HONOLULU, Hawaii (HawaiiNewsNow) - As the state legislature is set to reconvene on Monday, lawmakers have reached a tentative deal on a key bill allocating $862 million in state CARES Act money to the neighbor islands and for emergency services.
What’s unusual about the measure is that it’s lawmakers ― and not Governor David Ige’s administration ― who are directing how the emergency money should be spent.
The CARES Act money has to be spent by the end of the year or else it lapses. And there’s a growing concern that the Ige Administration isn’t spending the money fast enough.
“A lot of people would think that it’s troubling that some of this money ― particularly money dedicated to emergency services ― hasn’t been spent already," said Hawaii News Now political analyst Colin Moore. “The legislature wants to be aggressive with the use of these funds. This is an emergency situation and I think it’s a time where it’s better to act and ask for forgiveness later."
The bill provides $180 million dollars for the neighbor island counties for coronavirus testing and contact tracing, and to pay for services such as police and firefighters.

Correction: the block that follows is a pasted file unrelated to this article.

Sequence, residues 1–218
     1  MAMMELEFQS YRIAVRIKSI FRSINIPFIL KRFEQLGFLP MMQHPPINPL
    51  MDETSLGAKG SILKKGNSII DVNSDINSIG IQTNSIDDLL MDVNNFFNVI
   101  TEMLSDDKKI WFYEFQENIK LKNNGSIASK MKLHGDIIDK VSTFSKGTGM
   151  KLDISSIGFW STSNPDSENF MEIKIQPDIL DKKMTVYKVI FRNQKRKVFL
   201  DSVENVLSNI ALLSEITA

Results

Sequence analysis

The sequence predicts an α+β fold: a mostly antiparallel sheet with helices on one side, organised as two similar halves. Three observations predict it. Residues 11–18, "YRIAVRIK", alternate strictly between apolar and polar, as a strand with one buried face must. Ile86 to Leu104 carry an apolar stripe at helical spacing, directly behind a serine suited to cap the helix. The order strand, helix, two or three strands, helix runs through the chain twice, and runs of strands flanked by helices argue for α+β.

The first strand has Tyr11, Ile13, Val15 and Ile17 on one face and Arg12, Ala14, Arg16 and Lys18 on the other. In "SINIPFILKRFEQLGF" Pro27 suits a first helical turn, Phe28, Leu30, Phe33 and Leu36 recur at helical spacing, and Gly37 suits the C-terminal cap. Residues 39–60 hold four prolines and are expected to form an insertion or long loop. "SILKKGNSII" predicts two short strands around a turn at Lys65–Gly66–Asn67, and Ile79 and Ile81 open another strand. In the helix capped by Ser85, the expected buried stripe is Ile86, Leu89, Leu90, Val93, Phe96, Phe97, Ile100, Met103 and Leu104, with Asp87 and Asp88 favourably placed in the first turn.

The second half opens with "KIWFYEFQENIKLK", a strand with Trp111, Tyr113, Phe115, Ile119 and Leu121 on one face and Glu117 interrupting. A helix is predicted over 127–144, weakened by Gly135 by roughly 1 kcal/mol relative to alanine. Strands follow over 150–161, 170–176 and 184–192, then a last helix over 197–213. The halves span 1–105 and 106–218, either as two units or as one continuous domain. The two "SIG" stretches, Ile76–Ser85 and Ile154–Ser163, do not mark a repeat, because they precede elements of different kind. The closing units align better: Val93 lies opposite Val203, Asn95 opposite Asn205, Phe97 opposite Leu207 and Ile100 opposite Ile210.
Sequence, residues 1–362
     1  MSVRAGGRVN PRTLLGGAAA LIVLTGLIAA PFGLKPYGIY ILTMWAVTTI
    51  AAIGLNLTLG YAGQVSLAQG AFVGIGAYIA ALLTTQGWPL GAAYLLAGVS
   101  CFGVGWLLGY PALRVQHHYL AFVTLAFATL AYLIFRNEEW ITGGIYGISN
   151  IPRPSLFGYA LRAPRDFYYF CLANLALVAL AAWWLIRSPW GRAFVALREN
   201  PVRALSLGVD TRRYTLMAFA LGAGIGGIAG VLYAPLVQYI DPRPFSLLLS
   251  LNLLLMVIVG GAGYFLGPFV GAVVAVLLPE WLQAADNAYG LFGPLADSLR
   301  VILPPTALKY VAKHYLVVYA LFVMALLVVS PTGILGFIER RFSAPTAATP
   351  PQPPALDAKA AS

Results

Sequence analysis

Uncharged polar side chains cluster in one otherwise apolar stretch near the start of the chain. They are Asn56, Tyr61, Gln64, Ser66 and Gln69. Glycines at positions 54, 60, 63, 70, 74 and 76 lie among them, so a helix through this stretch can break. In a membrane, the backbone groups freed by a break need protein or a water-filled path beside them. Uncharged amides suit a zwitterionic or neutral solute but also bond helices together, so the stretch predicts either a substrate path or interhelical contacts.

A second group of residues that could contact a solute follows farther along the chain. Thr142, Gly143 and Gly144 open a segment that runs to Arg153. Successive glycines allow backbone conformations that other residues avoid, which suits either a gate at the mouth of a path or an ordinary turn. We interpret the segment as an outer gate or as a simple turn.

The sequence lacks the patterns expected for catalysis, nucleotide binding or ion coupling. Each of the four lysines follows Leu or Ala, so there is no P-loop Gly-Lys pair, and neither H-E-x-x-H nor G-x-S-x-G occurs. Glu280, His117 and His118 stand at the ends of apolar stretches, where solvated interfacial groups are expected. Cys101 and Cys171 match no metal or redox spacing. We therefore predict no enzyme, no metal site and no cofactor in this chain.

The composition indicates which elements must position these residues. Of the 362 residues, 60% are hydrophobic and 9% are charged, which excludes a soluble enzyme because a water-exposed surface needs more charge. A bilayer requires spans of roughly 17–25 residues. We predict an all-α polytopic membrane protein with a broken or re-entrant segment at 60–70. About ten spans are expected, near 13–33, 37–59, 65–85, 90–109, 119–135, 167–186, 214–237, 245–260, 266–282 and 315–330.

“Honolulu got $250 million directly from the feds. We’re going to use the same formula to give moneys to Kauai, Big Island and Maui," said state Sen. Donovan Dela Cruz, chair of the Senate Ways and Means Committee.
Another $100 million goes to the Hawaii Department of Defense while the largest amount ― about $550 million ― will go into the rainy day fund.
House Speaker Scott Saiki said that money will help pay for unemployment benefits.
“The unemployment fund is expected to be depleted in a month or so. When that happens the state will have to replenish the fund," said Saiki.
Dela Cruz, (D) Central Oahu, said the bill provides for greater transparency.
For instance, the counties need to provide a monthly report to the Legislature and the Ige Administration on who they spends the CARES Act money, he said.